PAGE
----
Some heart, from San Francisco


I was in San Francisco, living the American dream in a world where fast ideas meet fast money. But in 2000 the election that delivered George W Bush woke me up. We weren’t the cradle of democracy – elections were won with judges rather than votes.

We weren’t the land of plenty – one household in 13 lived in a trailer. So I moved here to adopt the Australian dream, but when I landed, John Howard was telling everyone that this dream had expired with globalisation. I didn’t believe him. I saw people heading for the beach at five o’clock, I saw Medicare, I saw the ABC, I saw people who treated me best when mud and grease covered my clothes. I became an Australian citizen. But slowly, I saw Howard’s icy fingers extend their grip – choking education, welfare, the arts, people’s very values.

Then, one night, in one of my Australian dreams, I saw a thousand people on a beach, and a man on a podium, wearing a T-shirt and Stubbies. ‘Who’s that?’ I asked. ‘It’s the new leader of the Labor Party.’ The
man began to speak. ‘Fellow Australians. In towns, cities and country, I hear much disillusion and anger. You feel our society is getting worse everyday, you feel you can’t do anything to change it, you feel you don’t control your government. ‘You didn’t want to invade Iraq, yet John Howard did it. You didn’t ask to raise university fees. You didn’t ask for a bill to ban gay marriages.
You didn’t ask for a tax cut instead of social services. Yet your government did all these things. ‘You worry that if Labor gets in, I too will take you further away from the Australian dream. ‘I have heard your anger in local elections. I come to you as a humbled man, and I promise you this. I will fix democracy.

That’s easy. ‘Take Iraq. What’s the real issue? Not whether troops get out by next week or by Christmas, but that we went there in the first place. Most of you opposed the war, Howard sent the troops anyway. That’s a democracy problem. How do we make sure we never have this problem again? ‘The problem has one obvious solution. Australia needs a law that forces government to get the
consent of parliament or of citizens before it can invade a country that hasn’t attacked us. The Democrats introduced a Bill to that effect. Labor will support it. ‘The Iraq War is just one of many ‘democracy problems’.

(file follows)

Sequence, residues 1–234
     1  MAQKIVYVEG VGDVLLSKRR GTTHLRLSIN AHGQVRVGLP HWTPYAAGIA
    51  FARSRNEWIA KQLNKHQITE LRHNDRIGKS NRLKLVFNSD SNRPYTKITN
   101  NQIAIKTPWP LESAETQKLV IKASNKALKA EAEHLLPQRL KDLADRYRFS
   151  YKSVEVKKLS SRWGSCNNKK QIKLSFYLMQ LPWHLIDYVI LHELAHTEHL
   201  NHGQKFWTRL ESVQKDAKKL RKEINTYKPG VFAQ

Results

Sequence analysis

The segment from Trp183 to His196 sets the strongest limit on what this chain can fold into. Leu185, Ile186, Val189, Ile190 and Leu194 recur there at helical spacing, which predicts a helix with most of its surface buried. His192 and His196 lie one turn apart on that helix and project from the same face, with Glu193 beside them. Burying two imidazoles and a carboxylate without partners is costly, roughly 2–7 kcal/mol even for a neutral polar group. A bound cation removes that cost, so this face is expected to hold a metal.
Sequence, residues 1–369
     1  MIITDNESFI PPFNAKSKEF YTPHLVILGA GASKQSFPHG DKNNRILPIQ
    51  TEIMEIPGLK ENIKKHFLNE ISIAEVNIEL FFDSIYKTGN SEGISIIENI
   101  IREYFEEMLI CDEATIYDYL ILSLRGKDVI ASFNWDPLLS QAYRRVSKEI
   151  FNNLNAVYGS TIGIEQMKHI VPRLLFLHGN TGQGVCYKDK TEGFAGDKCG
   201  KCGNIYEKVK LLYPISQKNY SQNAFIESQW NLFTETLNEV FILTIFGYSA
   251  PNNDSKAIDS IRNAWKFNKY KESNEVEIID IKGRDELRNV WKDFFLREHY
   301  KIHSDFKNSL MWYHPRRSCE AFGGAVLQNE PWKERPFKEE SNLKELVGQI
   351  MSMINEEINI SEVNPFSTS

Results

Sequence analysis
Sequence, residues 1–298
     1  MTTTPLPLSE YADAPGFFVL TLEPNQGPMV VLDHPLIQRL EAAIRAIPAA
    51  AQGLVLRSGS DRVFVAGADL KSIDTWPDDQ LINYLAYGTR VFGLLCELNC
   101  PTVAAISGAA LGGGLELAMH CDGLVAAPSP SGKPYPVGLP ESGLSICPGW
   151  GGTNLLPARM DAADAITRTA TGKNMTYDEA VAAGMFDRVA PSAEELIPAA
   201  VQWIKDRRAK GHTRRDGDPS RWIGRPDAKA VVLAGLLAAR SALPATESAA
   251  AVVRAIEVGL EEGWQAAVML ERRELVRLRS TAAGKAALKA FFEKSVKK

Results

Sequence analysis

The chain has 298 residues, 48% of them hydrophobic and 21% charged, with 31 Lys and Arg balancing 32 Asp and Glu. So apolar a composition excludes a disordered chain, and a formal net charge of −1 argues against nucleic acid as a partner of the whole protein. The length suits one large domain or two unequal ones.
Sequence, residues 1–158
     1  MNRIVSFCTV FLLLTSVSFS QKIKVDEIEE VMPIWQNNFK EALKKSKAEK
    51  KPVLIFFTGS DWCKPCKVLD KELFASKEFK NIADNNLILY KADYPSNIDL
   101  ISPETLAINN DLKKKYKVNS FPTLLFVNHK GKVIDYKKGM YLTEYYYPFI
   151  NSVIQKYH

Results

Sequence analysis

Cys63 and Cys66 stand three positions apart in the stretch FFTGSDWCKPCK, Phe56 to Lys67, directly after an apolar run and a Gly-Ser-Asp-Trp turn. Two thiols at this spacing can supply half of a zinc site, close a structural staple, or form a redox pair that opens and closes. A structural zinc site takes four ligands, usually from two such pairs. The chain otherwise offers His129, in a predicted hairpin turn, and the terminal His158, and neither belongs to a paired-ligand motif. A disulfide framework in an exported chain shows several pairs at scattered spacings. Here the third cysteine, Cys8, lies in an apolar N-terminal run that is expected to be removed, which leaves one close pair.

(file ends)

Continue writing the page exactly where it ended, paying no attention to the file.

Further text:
How do we make sure government can never disobey you, whatever the issue — Medicare, the environment, education, work, trade? ‘Suppose we changed the constitution so a million Australians could force an issue on the ballot. That’s the scale of last year’s No War rallies.

With a people’s referendum, if a policy robs you, you will rally, and if a critical mass of Australians feel like you, you will vote and you will win. Knowing you can overturn policies, government will yield in time or make better policies from the start. ‘That means asking you what you want. As Prime Minister, I will engage you in a debate about the kind of society we want.

Do we still want a fair go, an egalitarian society and a relaxed lifestyle? Or do we prefer a competition where losers rot, winners make the A-list and the rest work always harder for fewer benefits? ‘Should America have army bases in our bush? Should we sign a free-trade deal that lets Yale compete for Canberra money? Should logging of ancient forests continue? Should we pamper coal giants, or create an energy policy that taps our solar treasure? Should you pay for dental care? Should the Queen’s man have power to sack your Prime Minister?

‘Fellow Australians, you’re going to decide. We will dream Australia together, and I will help you realise that dream.’ I am awake now – and I wonder. If a politician spoke this way, what would Australians do? How many others left and right would happily ditch the global nightmare to revive the Australian dream?

Launched in 2004, New Matilda is one of Australia's oldest online independent publications. It's focus is on investigative journalism and analysis, with occasional smart arsery thrown in for reasons of sanity. New Matilda is owned and edited by Walkley Award and Human Rights Award winning journalist Chris Graham.